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In conversation with Alexia Young who decided to be a speech therapist at the tender age of 10!

In conversation with Alexia Young who decided to be a speech therapist at the tender age of 10!

Our lastest In conversation with subject is Alexia Young, interim therapy manager and our clinical lead for speech therapy.

Age: 34

Lives: Leigh-on-Sea

Personal life: Lives with husband Jamie and their two Persian cats

And…she’s an identical twin, sister Hannah is a police officer!

What’s your role at our Trust and what does it involve?

At the moment I’m in two roles, I’m the clinical lead for speech therapy and for the last three months I’ve also been one of our interim therapy managers.

Our Speech and Language Therapy team work across the Trust with patients who have communication or swallowing problems. We do a lot of work on our stroke wards, assessing patients and providing rehabilitation. It can be anything from taking them to order a coffee if they’ve lost a bit of confidence, or giving them exercises to strengthen their facial muscles. Anyone can send an e-referral to us, for example, if you have concerns about food or drink getting into the lungs.

How are you finding your new management role?

It’s really interesting as it’s an opportunity to see a side of the NHS which I wouldn’t get the opportunity to as a clinician.

I’m learning all about staffing, budgets and equipment and understanding more about strategic planning. I definitely feel that there are more opportunities at our Trust for Allied Health Professionals at the moment. Everyone’s been really supportive and the best part is that I’m getting more one-on-one time with colleagues and getting to know more teams.

The only downside is that it takes me away from my patients.

When did you decide to become a speech therapist?

I was 10. The reason was that my mum’s best friend’s daughter, who was a few years older than me, said she wanted to do it and whatever she wanted to do, I wanted to do… Ironically, she never did it, she’s in marketing now! But it stuck with me.

I didn’t really understand what it was and it was only when I started my university course that I realised how scientific it was, and I’m not scientific at all!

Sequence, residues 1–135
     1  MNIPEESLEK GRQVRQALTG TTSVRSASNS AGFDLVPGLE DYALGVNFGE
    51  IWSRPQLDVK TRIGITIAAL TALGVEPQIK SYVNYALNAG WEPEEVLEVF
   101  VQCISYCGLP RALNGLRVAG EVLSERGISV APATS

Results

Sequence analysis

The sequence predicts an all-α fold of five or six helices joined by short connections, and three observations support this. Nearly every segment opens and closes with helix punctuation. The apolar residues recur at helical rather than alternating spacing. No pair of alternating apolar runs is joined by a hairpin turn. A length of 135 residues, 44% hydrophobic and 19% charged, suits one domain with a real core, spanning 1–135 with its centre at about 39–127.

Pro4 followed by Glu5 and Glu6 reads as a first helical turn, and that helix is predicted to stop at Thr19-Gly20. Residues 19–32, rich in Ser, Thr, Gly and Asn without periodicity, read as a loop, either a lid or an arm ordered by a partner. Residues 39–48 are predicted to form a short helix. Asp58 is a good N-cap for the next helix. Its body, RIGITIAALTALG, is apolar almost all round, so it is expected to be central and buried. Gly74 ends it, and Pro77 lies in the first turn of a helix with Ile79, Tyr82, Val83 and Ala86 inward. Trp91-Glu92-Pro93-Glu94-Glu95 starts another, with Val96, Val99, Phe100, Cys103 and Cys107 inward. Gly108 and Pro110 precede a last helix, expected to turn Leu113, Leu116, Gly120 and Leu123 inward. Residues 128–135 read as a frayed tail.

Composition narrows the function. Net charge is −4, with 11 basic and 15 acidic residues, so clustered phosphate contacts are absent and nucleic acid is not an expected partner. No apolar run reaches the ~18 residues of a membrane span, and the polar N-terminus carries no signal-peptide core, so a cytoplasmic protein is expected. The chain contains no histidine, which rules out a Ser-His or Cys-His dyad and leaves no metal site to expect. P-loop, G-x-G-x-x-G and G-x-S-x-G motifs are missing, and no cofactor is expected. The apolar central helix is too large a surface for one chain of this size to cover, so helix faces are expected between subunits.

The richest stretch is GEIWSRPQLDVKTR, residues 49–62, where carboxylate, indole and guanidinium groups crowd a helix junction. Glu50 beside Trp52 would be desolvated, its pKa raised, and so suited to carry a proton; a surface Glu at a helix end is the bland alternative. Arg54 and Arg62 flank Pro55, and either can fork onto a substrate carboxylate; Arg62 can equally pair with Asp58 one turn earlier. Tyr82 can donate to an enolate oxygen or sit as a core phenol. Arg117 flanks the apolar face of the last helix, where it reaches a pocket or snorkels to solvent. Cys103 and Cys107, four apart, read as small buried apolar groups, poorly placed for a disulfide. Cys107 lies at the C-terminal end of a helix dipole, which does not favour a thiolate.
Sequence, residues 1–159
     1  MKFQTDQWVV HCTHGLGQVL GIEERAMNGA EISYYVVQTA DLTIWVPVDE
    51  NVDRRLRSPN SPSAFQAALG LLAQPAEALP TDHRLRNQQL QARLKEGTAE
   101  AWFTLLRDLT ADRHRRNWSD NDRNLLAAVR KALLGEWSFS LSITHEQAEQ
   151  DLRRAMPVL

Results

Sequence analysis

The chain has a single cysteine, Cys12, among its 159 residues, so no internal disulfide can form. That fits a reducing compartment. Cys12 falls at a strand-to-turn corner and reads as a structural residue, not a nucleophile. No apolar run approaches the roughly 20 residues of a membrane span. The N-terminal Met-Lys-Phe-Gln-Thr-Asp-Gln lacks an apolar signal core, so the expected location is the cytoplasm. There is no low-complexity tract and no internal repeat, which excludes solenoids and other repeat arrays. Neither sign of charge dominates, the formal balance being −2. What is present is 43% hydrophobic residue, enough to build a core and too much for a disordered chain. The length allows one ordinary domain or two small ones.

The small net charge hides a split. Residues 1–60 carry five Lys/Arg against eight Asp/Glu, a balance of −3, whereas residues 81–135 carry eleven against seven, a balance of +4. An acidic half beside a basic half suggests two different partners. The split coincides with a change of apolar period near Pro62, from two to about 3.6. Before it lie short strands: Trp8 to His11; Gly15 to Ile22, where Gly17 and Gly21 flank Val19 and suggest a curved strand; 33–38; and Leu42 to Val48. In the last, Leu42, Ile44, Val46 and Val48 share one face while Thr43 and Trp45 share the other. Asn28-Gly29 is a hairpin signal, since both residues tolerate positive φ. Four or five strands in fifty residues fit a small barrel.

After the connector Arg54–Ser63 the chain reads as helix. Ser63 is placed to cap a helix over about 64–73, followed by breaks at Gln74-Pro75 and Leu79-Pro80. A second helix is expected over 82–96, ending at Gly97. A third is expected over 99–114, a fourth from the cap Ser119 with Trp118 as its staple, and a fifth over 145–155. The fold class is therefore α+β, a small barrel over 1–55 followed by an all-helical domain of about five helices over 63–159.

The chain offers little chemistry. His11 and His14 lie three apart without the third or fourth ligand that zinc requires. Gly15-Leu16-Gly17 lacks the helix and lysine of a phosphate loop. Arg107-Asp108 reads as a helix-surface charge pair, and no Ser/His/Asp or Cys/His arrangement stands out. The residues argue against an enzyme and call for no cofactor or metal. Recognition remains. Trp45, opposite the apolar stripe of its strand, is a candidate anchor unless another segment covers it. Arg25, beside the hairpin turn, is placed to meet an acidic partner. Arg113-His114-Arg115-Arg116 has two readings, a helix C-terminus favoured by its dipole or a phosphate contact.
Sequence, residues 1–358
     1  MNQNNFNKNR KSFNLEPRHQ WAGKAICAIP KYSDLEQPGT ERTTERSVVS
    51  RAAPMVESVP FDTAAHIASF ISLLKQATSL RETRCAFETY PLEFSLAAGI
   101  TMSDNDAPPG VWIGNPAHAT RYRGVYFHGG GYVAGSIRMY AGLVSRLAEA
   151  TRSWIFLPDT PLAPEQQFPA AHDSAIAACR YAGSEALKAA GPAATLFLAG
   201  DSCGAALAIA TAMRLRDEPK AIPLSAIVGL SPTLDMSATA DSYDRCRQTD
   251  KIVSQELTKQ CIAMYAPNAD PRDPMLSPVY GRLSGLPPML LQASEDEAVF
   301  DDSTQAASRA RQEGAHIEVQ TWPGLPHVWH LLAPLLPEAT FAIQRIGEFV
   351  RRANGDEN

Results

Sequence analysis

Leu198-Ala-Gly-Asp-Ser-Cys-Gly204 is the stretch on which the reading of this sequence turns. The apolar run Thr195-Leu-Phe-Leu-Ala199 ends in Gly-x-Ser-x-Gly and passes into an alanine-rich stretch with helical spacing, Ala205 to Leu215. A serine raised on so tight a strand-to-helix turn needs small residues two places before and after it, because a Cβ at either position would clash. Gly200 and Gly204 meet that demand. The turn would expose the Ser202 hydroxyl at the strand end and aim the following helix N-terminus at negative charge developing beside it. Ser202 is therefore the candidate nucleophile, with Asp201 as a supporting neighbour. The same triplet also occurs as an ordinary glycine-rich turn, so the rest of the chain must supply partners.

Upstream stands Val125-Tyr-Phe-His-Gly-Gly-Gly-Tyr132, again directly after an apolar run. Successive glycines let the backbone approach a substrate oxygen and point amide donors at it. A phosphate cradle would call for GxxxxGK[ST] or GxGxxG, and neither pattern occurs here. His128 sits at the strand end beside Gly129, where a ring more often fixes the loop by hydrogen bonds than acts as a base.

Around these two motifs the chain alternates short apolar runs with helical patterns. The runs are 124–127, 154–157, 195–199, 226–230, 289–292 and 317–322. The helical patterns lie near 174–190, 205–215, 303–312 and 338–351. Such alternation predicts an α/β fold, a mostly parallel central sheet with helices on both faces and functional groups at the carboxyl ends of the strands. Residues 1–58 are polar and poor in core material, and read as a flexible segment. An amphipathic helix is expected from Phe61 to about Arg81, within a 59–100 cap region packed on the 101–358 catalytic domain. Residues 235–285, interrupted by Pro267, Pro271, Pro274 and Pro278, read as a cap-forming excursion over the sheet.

Tell us about your path to our Trust.

I joined in 2016, my first role as clinical lead. I joined from the Royal Brompton and Harefield Trust.

I finished a four-year speech therapy degree at City University in 2006. I’m originally from Yorkshire and planned to return after I finished my course, but I met a Londoner. Right at the end of my course. He’s a physiotherapist and we were on a clinical placement at the Homerton. I’m glad I stayed though, there’s more opportunity to move around big hospitals in London that I wouldn’t get at home. And now we’re married too!

What are some of your proudest achievements?

Before I came, we didn’t use speaking valves for patients on ventilators, which allow them to talk.

I introduced them not long after I joined. I remember an 18-year-old girl who had a degenerative neurological condition and she was on a ventilator. It meant the world to her that she could speak.

I also introduced nasal endoscopy here. They’re particularly useful for patients who are critically ill and can’t easily go for an x-ray and give us an early warning to what could be causing the swallowing issue.

We’re also running a craniotomy pilot where we go into theatre during brain surgery. It allows the neurosurgeon to test parts of the brain around a tumour to see if it’s safe to remove. The therapist asks questions to see if that part of the brain is linked to speech. We’re hoping to introduce this permanently at our Trust, it helps our patients as it can reduce unintentional damage during surgery.

What’s the best part of your clinical role?

I’m predominantly based in critical care, and one of the best bits is when a patient is well enough to go home. When you’ve seen them at death’s door, it’s really lovely to see how far they’ve come.

I also love the day you put a speaking valve on a tracheostomy patient (when an incision is made through the neck to allow a patient to breath) and their family hears them speak for the first time in a while. There are usually tears - of joy!

Being a speech therapist is an awesome career and I absolutely love it.

Why do you have Heather Small (formerly of band M People) on a cardboard head on a stick in your office…?

Heather Small did this very big song called ‘Proud’ – you’ve probably heard it [if you’re interested, the PRIDE Choir has a recording of it here – all proceeds to our Charity!]

So, at the beginning of every team meeting, I make my team pass Heather around and say what they’ve done that’s made them feel proud! They hate it but I do it every time!

And, fast becoming our favourite question of In conversation with… you have any pets?

We’ve got two Persian cats – Dotty and Yoshi. I got them as kittens just over a year ago for my birthday. I grew up with animals and always wanted cats but when I moved to London I was in rented accommodation and couldn’t have pets. My husband promised when we got our house we could get a cat.

I knew my family were helping me to get one, and Jamie surprised me with the other one. They like getting up to mischief together and, being Persians, they get groomed a lot!